Root canals are tiny passageways that branch off from beneath the top of the tooth, coursing their way vertically downward, until they reach the tip of the tooth root.
Teeth can typically have between one and five canals within the roots of the teeth.
Many tooth problems involve infections that spread to the pulp or nerve, which is the inner chamber of the tooth containing blood vessels and other tissues. When the infection becomes worse, it can begin affecting the roots. A traumatic injury to a tooth can also compromise the pulp, leading to similar problems.
A diseased inner tooth brings a host of problems, including pain and sensitivity, as the first indications of a problem. A spreading infection can cause small pockets of pus to develop, which can lead to an abscess.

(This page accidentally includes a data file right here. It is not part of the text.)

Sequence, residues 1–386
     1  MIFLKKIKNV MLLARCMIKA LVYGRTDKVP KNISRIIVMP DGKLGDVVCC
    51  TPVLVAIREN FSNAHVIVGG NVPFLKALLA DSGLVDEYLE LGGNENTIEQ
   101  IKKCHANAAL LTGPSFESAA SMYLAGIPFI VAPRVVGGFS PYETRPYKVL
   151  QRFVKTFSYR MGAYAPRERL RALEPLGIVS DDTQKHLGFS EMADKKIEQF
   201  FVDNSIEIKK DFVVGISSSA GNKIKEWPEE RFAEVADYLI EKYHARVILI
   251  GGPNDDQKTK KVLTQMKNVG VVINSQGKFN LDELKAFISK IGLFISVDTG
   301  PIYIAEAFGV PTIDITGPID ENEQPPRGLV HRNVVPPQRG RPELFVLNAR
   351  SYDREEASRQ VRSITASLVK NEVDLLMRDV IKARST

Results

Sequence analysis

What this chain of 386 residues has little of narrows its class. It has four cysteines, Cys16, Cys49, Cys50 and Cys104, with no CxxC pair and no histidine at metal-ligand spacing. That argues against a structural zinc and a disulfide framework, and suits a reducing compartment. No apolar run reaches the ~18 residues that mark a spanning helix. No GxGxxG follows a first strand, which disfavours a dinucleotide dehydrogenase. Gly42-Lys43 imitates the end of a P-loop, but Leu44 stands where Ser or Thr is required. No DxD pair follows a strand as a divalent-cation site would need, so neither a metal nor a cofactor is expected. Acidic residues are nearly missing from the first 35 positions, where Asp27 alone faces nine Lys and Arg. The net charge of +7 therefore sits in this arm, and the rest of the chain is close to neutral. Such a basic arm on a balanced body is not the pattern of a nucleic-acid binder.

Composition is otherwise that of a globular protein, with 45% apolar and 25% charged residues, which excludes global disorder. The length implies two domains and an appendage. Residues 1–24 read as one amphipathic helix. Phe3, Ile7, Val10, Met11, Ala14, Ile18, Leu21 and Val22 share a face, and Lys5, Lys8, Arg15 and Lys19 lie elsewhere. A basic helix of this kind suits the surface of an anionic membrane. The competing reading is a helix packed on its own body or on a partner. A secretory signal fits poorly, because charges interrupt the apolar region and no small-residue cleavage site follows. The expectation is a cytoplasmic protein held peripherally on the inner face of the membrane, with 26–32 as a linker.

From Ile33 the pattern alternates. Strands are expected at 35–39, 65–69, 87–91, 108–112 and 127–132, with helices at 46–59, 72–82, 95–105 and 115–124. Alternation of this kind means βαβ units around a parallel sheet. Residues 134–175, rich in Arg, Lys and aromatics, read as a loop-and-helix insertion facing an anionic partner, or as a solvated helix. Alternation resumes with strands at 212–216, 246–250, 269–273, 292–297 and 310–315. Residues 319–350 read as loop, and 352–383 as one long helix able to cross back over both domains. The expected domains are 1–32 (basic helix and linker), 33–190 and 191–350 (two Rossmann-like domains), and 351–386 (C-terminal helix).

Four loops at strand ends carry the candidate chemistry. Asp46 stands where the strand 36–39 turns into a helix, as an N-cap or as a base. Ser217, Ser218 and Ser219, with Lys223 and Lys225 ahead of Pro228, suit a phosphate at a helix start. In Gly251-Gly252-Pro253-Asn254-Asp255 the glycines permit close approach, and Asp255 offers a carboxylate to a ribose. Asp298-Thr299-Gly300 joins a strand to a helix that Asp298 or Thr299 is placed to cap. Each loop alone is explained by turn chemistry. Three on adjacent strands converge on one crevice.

Root canal therapy is a remarkable treatment with a high rate of success if done properly, and involves removing the diseased nerve and tissue, halting the spread of infection and restoring the healthy portion of the tooth. In fact, root canal therapy is designed to save a problem tooth rather than having the tooth removed.
Most patients who have root canal experience little or no discomfort or pain, and enjoy a restored tooth that can last for a long period of time.